“Who wants to sleep overnight at the Mütter Museum with me for my birthday?”
Many hands shot up. My friends, they knew this was a once-in-a-lifetime adventure being proposed. My friends, they knew exactly what the Mütter was: one of the world’s most unusual museums, the kind you don’t visit if you are squeamish. But my friends and I, we’re not squeamish. We’ve all long wanted to visit the Mütter’s collection of medical oddities, to see the conjoined liver from Siamese twins Chang and Eng, pieces of Einstein’s brain, diseased body parts floating in jars and the 139 skulls of the famed Hyrtl collection. Somehow, none of us had ever made the trek to Philadelphia. But when we saw that event listing, for a special adult sleepover at the Mütter — complete with scary movie, seance, pizza, and flashlight tour….it was, you might say, a no-brainer. (Sorry.)
In the end, there were eight of us Canadians who descended on the Mütter, joining a dozen others who had travelled from across America to attend. As first time visitors, it was alot to take in. The galleries are fairly small, but also jammed with fascinating specimens. We were supposed to be setting up our bedding in the assigned sleeping zones but all I wanted to do was just drop my bags and stick my face against the glass cabinets of curiosities and read everything! But the event features a full schedule of night-time programming, and soon we were whisked away in our pyjamas to the foreboding Gross Library for a “seance” with mentalist Francis Menotti. Thrice I was enlisted in his parlour mind tricks, good ones too. Then, beneath the artwork of Jordan Eagles, who uses slaughterhouse blood in this work, we ate gourmet pizza, drank beer and wine and watched The Sixth Sense, which was filmed in Philadelphia. I don’t think I ever saw that film again after the first time, and its Big Reveal, so that was good fun. There wasn’t much mingling between the participants, but I met a young women who is studying to be a neurologist, there with her sister and mom. And I noticed several people reading about and discussing medical conditions that they themselves have suffered from. The Mütter attracts the morbidly inclined (e.g., us) but also those with an interest in medical history and the human body.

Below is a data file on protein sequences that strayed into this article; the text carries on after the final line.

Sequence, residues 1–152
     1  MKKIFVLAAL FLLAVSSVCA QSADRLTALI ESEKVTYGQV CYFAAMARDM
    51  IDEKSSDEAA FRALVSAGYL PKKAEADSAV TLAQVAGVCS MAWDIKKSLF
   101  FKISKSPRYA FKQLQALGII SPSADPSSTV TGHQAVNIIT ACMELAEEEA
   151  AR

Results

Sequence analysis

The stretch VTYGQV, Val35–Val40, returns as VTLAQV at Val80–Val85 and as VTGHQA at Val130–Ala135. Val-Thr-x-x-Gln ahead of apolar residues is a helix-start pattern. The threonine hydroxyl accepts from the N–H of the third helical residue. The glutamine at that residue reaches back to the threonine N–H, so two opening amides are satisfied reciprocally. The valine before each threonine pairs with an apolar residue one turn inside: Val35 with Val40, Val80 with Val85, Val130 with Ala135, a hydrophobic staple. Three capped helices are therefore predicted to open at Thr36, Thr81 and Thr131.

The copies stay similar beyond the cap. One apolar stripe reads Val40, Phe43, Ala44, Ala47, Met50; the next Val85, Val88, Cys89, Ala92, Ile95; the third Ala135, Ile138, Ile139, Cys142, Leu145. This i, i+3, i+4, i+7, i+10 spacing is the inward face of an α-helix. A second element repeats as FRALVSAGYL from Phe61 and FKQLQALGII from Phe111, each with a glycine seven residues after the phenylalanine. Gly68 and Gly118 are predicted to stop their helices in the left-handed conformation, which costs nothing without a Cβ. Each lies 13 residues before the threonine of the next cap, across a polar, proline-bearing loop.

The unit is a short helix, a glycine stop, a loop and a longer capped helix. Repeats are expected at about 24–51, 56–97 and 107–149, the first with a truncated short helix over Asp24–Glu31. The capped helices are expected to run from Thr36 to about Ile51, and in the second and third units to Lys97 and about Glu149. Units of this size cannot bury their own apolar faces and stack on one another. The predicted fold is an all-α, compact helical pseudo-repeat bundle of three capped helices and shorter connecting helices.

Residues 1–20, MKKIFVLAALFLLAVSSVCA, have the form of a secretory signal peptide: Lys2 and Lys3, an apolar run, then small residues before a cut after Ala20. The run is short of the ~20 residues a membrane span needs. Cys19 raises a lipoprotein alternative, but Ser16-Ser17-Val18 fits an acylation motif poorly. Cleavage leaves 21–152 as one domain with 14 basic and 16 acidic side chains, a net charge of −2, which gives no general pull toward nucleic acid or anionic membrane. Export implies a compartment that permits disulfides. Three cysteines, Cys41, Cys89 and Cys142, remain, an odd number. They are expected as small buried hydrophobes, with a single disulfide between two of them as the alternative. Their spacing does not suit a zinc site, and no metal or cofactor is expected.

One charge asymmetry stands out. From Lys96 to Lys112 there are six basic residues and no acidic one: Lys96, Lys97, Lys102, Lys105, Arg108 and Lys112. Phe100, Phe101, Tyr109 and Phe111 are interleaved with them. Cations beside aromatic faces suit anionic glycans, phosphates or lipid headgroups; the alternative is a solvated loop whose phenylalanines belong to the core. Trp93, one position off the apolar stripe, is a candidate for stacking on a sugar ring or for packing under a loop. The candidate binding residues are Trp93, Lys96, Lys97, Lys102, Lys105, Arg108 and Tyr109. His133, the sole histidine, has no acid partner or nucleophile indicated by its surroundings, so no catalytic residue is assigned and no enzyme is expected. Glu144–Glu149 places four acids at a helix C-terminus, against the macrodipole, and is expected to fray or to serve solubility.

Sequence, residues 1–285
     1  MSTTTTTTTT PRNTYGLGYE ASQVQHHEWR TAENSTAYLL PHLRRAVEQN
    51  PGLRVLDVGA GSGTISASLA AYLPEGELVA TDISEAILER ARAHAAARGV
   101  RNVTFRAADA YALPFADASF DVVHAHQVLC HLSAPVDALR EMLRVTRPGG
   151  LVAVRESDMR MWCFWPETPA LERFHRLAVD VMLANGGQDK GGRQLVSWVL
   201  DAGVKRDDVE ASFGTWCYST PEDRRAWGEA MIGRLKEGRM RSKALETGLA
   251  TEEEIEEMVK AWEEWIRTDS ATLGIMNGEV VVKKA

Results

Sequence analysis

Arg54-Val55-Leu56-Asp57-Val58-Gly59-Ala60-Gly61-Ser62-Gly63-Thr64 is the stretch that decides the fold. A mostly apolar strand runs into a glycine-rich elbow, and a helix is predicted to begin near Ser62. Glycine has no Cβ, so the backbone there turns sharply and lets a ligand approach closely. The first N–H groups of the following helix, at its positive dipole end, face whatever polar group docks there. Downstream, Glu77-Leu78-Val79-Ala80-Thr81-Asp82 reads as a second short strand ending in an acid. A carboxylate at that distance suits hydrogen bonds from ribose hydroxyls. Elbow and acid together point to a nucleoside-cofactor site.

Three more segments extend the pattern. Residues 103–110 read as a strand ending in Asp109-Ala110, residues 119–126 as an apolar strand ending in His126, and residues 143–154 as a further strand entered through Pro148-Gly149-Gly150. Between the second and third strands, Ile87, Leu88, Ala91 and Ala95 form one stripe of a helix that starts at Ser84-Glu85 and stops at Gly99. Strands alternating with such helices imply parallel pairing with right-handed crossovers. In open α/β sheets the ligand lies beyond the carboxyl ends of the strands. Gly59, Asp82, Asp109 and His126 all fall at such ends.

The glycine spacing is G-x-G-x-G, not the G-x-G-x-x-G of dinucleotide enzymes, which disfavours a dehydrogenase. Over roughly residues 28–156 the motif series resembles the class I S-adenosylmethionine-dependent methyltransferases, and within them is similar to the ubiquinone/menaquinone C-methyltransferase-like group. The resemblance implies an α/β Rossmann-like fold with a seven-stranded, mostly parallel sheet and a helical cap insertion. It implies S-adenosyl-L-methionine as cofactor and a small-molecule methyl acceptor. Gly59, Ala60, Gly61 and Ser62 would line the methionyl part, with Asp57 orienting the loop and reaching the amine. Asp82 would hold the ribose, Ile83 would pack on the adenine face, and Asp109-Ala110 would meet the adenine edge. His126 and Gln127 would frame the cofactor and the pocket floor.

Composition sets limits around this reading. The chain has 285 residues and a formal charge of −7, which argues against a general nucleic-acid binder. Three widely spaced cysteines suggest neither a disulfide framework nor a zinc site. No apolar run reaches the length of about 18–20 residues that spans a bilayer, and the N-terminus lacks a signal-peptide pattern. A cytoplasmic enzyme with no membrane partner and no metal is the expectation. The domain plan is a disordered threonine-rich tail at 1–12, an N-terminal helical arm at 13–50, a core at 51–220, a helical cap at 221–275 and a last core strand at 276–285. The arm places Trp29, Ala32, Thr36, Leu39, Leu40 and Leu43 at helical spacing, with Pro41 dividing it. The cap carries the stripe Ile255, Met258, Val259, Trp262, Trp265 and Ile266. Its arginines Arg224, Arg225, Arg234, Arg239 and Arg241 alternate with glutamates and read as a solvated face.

Our guide for the sleepover was J Nathan Bazzel. Officially, he’s the museum’s director of communications—but clearly he’s much more. A passionate guardian for the College of Physician’s prized collection, there’s little if anything he doesn’t know the history of the building, the artifacts or the organization. The sleepover ticket got us access to parts of the Mütter not normally open to visitors, like the bowels where research is done (oh, hello, stray Iron Lung in the hallway), and the towering seven-stories of its library. Just as Bazzel was explaining how a report from the previous sleepover of a ghost spotted in the stacks couldn’t possibly have been true, some of our fellow visitors claimed a book fell off the shelf. I didn’t see it, but believers took this as a strong sign that skeptics such as myself and Bazzel might want to sleep with one eye open. Most importantly, there was a tour in the dark by flashlight of the Müttter highlights. So many skeletons. So many stories of medical discoveries. For me, it was all about the Hyrtl skulls, and I spent as much time as possible staring at these cranial specimens before lights out, when we all tucked into our sleeping bags. That’s when it really hits you, how cool this all is, sleeping in a museum! I drifted off with my head next to something bizarre in a jar that would give most people nightmares. Smiling.
By the time we ate the catered breakfast and checked out the next morning, we had been in the Mütter for close to 15 hours. At yet, I feel I have barely seen any of the collection, and need another full visit, without distraction, to really take it in. No further sleepovers have been announced but I’m pretty sure they’ll be doing it again. So, who’s in?